On Naale Namathe and MGR

My brother wanted to remake Yaadon Ki Baarat in Tamil and wanted MGR in the film.

I was not interested in directing a remake, but when they went to meet MGR, he asked whether I was directing the film. My brother said yes. So I directed it.

You know, the shooting was to begin at 9 am the first day. He arrived at 10.45 am. When he came in late the secomd day as well, I asked him, "What time will you come in tomorrow?"

Everyone was shocked when I asked him that. I continued, "If you want to come at 10.30 am, I will have the call sheet at 10.30 am, not at 9 am. We are wasting one-and-a-half hours."

He said he would arrive early. Next day, when we came at 8.55 am, he was already there, ready with his makeup.

On Kamal Haasan

Kamal was extremely naughty on the sets of Kannum Karalum, but was very smart. He was neither scared of people nor of the camera. I could sense a spark in him even then.

After a few years, I planned to make Kanyakumari. We wanted a very young man and we decided on M G Soman.

Then one day, a handsome young man came to my house. It was Kamal Haasan. I didn't recognise him first --- I had not seen him after Kannum Karalum. I wanted him in Kanyakumari the moment I saw him.

It was his first film as an adolescent. Rita Bhaduri was the heroine. I directed his first film (Ormakal Marikkumo) as an adult, too. Recently, I directed him in Nammavar.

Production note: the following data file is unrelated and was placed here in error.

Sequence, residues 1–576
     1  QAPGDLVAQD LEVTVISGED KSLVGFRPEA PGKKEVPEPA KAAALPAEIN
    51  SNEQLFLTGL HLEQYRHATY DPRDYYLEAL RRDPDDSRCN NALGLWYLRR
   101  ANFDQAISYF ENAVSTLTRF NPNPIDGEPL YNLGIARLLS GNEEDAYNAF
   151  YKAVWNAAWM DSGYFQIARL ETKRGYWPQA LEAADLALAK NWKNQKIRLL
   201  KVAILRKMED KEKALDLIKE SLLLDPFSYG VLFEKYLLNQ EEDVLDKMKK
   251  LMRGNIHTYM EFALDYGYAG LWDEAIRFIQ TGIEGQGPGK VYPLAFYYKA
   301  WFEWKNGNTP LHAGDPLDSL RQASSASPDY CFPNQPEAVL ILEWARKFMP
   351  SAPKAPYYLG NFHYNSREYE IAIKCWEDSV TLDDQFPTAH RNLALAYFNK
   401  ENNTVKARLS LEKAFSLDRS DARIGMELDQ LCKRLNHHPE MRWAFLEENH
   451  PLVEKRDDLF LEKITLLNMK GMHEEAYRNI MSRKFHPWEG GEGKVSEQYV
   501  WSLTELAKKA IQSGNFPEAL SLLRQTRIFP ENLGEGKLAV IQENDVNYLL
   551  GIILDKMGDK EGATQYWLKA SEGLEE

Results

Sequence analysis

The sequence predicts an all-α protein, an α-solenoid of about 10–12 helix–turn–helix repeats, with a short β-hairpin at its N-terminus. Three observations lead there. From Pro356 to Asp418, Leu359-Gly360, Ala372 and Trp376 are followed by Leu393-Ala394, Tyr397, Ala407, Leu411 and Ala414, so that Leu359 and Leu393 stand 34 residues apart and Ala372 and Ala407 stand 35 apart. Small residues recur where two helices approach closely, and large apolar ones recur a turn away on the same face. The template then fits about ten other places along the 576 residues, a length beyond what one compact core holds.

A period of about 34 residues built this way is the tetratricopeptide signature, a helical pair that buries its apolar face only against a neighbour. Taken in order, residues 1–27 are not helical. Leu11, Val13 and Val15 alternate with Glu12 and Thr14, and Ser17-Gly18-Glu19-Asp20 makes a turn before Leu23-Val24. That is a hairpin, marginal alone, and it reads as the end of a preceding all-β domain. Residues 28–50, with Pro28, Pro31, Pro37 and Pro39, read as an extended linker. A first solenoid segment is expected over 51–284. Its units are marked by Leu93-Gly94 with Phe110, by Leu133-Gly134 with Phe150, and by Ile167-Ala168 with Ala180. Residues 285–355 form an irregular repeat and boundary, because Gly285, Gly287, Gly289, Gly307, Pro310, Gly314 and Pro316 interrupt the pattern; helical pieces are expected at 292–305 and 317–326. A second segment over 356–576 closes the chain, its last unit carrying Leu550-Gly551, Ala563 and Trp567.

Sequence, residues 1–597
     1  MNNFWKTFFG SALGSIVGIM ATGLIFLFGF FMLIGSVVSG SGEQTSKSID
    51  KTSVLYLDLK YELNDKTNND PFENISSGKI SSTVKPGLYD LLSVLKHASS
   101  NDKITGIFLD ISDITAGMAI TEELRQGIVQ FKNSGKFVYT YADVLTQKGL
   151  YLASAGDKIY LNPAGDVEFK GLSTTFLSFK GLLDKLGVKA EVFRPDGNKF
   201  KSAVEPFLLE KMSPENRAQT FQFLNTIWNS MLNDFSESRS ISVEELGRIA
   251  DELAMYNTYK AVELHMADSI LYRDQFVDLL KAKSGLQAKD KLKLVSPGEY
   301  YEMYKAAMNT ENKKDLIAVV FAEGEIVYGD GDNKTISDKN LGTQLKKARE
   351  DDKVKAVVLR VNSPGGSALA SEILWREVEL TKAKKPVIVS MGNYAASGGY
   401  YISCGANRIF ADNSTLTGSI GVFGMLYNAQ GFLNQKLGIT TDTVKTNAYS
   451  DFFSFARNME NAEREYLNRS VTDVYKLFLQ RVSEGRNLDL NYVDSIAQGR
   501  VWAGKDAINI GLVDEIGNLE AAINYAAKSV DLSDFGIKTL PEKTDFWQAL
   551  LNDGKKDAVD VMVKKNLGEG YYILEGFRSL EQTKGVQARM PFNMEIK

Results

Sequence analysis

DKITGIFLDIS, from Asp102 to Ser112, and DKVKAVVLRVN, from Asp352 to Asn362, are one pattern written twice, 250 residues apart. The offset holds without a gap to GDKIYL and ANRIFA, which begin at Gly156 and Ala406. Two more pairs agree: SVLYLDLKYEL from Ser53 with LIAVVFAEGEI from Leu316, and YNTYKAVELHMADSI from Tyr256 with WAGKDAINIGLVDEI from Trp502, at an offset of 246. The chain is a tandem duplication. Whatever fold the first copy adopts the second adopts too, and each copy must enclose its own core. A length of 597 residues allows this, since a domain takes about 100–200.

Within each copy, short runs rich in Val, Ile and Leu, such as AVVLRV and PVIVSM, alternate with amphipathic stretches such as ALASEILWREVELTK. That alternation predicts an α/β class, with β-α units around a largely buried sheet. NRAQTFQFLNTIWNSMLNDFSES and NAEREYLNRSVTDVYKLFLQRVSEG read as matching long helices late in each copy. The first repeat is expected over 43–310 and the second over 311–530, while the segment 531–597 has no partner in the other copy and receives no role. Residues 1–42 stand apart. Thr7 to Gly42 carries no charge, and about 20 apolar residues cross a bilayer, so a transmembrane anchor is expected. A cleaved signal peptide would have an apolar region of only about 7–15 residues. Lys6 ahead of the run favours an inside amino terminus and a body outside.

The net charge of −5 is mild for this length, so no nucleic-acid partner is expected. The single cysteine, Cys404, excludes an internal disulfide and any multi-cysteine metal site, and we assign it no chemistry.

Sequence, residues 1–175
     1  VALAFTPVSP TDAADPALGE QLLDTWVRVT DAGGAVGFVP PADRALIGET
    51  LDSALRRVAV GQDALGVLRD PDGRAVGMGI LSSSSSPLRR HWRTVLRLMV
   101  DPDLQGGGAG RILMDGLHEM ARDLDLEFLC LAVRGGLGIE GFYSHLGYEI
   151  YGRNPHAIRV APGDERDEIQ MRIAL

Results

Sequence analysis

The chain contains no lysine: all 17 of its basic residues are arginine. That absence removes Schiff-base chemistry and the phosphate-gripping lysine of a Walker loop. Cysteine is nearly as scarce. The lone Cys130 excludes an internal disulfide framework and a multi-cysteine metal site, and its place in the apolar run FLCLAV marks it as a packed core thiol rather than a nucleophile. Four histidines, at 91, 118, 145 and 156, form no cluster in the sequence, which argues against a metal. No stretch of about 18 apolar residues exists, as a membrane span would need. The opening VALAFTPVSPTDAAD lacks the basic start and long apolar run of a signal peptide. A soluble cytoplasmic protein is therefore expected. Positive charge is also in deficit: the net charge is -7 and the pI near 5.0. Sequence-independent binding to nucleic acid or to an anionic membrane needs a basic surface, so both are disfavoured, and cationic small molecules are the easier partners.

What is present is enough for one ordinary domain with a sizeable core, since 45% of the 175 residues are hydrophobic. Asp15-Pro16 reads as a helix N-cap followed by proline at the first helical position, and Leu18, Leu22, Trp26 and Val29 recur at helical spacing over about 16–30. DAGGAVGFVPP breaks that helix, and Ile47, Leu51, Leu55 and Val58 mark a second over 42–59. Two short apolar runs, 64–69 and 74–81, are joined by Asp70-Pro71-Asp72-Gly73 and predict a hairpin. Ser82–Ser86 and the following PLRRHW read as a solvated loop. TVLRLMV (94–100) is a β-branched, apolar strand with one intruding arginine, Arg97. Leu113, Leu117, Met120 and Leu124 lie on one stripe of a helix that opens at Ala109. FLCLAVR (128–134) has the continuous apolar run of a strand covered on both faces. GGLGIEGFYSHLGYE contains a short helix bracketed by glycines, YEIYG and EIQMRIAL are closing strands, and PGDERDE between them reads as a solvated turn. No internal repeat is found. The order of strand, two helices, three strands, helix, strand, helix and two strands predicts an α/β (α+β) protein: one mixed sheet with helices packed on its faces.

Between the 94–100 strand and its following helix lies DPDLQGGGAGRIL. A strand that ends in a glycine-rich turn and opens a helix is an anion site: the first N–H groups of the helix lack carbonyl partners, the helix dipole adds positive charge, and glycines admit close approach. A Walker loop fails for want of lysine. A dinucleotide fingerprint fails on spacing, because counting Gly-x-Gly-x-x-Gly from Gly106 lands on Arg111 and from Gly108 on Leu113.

On the success of Chattakkari (remade in Hindi as Julie), (1972)

We wanted an actress who could play an Anglo-Indian girl convincingly. I was not satisfied with any of the girls I screen-tested. Then, somebody suggested Lakhsmi's name.

Lakshmi came to meet me with a lot of makeup --- bright lipstick --- wearing stockings. I told her to wipe it off. The transformation was remarkable. I was struck by her looks, presence and acting virtuosity. I fell in love with the actress in her!

I even created the song sequence Julie, I love you just for her. It was not there in the original script. I left for Mumbai with producer Nagi Reddy to meet the distributors for the Hindi remake. They were thinking of casting Zeenat Aman or Moushumi Chatterjee as the Anglo-Indian girl.

After we screened Chattakkari they wouldn't have anyone but Lakshmi in the Hindi version too. "The girl is fantastic," they raved. "Anyone else wouldn't be a patch on her!"

On Marupakkam, Best Film at the national level (1991)

I had been winning National Awards since 1966. I had won the Rajat Kamal for Oppol in the year 1981. Not in my wildest dreams did I expect the Swarna Kamal for Marupakkam. I thought Sivakumar would win the Best Actor Award.

I also got the Best Screenplay Award. I can't say how happy I was to receive both the awards.

National awards won by K S Sethumadhavan
Film Language Year Award
Odayil Ninnu Malayalam 1966 Certificate Of Merit
Adimakal Malayalam 1970 Best Regional Film
Kara Kana Kadal Malayalam 1971 Best Regional Film
Pani Theeratha Veedu Malayalam 1972 Best Regional Film
Achanum Bappayum Malayalam 1972 Best Film On National Integration
Ollathu Mathi Malayalam 1972 Award from The Ministry of Health and Family Planning
Oppol Malayalam 1981 Rajat Kamal Second Best Feature Film
Marupakkam Tamil 1991 Swarna Kamal Best Feature Film
Marupakkam Tamil 1991 Best Screenplay
Nammavar Tamil 1995 Best Regional Film
Stree Telugu 1996 Best Regional Film

Photographs by Sreeram Selvaraj